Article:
Minneapolis neighborhood plans to pay for extra police patrols

A group of neighbors in south Minneapolis is taking matters into their own hands to increase policing in their neighborhood.

The group is raising money to pay for extra patrols in the Lowry Hill neighborhood, performed by city officers working overtime.

The program, which was approved by city council last week, would run through the end of the year, the Minneapolis Police Department continues to work to cover a staffing shortage.

The leaders behind the initiative say the actual number of extra police on patrol will depend on how much money they raise and how many officers sign up for the extra shifts.

The initiative comes as the city deals with an increase in crime over the past two years. Homeowners in the neighborhood say they are on edge, trying to be ever more aware of their surroundings.

"I don’t go out at night much anymore," said Scott Plikerd.

Normally they would rely on police to get a handle on the situation, but in the wake of the murder of George Floyd, as of January, the Minneapolis Police Department is short close to 200 of its sworn staff.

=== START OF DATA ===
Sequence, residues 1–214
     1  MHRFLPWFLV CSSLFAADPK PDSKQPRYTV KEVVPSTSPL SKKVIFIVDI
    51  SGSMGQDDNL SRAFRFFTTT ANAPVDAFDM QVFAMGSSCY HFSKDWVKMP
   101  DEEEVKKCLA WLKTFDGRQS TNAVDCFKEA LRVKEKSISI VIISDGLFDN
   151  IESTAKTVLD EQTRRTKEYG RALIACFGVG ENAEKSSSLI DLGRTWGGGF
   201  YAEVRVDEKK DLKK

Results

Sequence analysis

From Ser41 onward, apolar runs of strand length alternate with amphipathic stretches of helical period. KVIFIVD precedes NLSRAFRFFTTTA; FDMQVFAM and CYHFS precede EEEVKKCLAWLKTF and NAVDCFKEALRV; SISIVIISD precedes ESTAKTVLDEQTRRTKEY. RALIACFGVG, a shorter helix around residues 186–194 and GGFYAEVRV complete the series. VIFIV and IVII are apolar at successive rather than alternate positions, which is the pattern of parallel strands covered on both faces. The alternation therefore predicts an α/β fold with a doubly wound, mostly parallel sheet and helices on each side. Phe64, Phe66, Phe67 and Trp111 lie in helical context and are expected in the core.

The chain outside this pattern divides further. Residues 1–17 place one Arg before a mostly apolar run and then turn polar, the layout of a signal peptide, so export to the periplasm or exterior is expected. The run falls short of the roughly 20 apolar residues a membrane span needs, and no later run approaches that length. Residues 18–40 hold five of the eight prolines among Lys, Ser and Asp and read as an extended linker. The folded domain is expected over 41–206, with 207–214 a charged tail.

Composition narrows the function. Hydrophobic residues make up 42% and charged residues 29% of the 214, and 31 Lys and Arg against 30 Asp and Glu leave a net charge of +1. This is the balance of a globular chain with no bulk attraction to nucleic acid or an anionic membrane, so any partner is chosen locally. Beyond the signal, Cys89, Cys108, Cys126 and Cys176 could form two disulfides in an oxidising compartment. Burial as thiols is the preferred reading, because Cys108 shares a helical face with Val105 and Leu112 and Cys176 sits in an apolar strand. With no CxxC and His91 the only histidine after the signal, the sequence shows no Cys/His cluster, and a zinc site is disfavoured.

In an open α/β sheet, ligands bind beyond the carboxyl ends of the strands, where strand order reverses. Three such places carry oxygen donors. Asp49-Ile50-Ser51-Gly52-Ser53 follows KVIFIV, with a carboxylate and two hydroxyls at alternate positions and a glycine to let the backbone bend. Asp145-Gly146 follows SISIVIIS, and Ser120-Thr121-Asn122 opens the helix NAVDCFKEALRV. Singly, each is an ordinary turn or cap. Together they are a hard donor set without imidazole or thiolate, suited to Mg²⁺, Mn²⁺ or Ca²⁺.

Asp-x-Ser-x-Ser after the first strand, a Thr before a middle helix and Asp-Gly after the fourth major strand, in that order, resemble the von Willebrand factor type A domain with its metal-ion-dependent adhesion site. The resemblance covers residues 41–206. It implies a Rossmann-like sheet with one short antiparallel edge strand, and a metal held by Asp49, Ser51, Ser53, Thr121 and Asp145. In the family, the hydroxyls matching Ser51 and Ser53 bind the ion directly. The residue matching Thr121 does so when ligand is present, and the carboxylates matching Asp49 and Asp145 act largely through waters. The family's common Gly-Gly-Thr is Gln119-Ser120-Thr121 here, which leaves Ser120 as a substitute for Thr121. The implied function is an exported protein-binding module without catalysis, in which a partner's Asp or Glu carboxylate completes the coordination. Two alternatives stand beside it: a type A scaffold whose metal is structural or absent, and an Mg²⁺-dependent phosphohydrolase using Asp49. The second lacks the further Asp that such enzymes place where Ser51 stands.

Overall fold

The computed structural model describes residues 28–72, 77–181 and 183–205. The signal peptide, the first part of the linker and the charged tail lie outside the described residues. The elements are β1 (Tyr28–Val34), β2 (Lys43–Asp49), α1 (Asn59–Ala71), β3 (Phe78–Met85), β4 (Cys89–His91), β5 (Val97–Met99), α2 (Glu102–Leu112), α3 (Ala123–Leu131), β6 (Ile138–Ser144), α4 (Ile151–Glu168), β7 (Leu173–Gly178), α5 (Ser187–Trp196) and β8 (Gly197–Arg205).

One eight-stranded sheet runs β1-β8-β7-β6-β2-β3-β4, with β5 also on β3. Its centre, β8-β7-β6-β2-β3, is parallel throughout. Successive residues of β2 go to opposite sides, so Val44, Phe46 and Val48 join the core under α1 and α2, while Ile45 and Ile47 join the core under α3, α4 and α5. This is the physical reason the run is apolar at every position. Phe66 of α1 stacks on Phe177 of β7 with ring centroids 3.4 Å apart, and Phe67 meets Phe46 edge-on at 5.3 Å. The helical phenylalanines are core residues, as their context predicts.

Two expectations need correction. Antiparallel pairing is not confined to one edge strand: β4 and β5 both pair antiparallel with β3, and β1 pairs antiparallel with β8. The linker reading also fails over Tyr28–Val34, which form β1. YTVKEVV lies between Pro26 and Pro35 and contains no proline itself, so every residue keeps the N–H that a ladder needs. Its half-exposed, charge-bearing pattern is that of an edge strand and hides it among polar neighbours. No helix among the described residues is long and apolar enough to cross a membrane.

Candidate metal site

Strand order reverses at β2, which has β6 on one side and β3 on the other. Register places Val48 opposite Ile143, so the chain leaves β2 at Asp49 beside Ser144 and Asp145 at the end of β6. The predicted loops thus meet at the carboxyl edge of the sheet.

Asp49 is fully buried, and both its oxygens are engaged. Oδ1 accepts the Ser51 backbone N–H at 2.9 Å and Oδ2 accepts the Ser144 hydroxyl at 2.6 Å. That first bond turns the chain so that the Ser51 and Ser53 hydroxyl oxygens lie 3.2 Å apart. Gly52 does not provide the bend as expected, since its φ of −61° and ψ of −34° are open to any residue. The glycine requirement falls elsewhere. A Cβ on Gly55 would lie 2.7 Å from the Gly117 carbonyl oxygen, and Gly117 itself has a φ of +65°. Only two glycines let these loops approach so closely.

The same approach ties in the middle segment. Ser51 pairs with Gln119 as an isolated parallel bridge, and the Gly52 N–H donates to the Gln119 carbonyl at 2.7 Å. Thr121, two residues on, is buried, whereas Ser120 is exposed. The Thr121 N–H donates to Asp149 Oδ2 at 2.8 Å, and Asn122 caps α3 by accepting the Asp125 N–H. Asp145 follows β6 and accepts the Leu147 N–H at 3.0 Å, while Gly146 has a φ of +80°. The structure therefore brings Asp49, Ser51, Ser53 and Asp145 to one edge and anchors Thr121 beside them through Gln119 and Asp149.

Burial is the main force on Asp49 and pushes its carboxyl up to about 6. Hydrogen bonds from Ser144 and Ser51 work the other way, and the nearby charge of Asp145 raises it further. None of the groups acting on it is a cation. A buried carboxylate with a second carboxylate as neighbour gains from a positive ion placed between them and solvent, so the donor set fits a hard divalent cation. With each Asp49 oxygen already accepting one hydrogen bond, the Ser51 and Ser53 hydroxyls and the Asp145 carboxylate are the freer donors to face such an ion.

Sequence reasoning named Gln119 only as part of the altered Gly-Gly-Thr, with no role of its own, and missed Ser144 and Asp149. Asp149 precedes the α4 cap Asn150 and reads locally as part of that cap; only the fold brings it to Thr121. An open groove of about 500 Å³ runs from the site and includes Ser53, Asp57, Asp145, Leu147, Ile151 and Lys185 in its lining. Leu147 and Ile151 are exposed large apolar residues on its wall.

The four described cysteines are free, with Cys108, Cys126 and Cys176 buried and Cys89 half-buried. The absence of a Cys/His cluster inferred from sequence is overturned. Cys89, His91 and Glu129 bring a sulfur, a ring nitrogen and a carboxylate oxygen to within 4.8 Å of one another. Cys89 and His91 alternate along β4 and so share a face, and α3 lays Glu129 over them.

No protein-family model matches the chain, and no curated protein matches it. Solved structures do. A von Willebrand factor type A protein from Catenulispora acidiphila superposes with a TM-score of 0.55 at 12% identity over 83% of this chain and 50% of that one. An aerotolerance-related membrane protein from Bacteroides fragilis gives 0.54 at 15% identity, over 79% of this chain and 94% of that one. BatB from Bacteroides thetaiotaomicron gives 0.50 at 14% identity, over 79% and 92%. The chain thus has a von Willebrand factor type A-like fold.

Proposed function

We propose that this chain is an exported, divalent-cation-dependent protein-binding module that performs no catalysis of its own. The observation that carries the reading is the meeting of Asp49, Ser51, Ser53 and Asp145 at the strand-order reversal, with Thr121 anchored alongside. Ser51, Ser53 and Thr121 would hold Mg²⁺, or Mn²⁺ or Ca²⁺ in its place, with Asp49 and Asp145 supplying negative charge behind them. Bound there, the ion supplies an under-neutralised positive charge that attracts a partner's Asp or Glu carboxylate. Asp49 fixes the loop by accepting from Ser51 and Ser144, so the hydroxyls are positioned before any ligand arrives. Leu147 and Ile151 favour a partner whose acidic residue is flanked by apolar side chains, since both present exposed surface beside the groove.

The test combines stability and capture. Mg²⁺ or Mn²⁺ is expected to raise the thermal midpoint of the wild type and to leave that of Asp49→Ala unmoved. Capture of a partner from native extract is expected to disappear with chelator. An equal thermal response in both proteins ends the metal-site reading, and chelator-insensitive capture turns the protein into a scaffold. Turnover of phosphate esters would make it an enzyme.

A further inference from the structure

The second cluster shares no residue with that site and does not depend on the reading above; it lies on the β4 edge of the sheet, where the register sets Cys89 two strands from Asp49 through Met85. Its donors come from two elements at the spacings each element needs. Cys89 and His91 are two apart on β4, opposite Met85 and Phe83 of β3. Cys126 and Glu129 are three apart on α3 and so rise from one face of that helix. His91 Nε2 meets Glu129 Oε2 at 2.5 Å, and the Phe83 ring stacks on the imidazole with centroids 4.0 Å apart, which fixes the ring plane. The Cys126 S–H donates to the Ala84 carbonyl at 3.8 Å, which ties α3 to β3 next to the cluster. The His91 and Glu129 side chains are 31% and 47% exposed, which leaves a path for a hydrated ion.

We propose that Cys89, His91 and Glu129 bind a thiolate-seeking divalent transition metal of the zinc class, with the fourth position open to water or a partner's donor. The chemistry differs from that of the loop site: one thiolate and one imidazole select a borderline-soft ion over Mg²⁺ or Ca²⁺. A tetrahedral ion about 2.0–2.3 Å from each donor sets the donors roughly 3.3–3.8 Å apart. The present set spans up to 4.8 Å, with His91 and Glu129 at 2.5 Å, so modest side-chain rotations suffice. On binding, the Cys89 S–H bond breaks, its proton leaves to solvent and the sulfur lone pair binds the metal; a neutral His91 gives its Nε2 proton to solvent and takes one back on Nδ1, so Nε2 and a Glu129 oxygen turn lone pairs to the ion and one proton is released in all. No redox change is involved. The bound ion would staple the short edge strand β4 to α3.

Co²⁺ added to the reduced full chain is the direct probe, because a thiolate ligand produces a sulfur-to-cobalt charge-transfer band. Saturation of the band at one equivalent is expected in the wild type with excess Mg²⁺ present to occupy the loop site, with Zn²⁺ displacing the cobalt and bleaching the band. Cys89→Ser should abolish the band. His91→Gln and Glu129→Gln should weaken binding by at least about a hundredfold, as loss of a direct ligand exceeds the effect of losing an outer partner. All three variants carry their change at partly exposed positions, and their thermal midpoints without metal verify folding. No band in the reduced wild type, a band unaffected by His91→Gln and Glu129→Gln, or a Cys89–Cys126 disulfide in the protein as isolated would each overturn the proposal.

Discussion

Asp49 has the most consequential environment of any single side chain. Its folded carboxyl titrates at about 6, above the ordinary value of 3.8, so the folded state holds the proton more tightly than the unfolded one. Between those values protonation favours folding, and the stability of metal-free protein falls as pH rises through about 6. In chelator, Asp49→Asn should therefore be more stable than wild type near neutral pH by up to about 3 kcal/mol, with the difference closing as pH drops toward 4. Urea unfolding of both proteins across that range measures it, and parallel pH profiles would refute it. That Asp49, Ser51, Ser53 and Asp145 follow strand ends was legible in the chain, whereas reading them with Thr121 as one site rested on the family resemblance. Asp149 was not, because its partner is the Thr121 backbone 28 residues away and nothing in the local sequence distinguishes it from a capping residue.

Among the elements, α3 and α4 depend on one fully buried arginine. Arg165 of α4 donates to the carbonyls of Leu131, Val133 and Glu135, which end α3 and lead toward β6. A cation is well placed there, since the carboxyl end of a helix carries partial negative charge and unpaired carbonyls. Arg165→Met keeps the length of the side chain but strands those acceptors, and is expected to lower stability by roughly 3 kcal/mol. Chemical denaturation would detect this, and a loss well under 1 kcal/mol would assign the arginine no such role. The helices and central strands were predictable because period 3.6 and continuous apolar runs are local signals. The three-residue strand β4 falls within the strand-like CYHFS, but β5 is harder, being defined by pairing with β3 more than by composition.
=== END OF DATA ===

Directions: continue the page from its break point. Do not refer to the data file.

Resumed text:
"Crime has risen and the police don’t seem able to respond," said Plikerd.

Violent crime in Lowry Hill has increased in the last few years and now some living in the area want to take matters into their own hands, by bringing out their pocketbooks. However, not everyone is on board.

"I don’t agree with it," said Tom Trondson. "It feels very elitist like, 'Oh, let’s just throw money towards the problem so we’re safe."

A group of Lowry Hill residents plans to pay the city for an increased police presence on their side of town. But it won’t be cheap, each home has been asked to pay in $220 per month.

"Being affluent comes with privileges I guess," Plikerd explained.

The police department says its doesn’t make any money off of the program and officers would only volunteer for extra shifts when they aren’t already on the clock, making about $110 per hour.

"Just because I may have a little more disposable income to pay for something safer doesn’t mean I think it’s the right thing to do," said Trondson.

"Resources should be spread equally," added Vivian C.

Several neighbors also voiced concerns that more police wouldn’t make them feel safer.

"I don’t know that increased policing necessarily leads to less crime," added Vivian. "People will be unfairly targeted or profiled."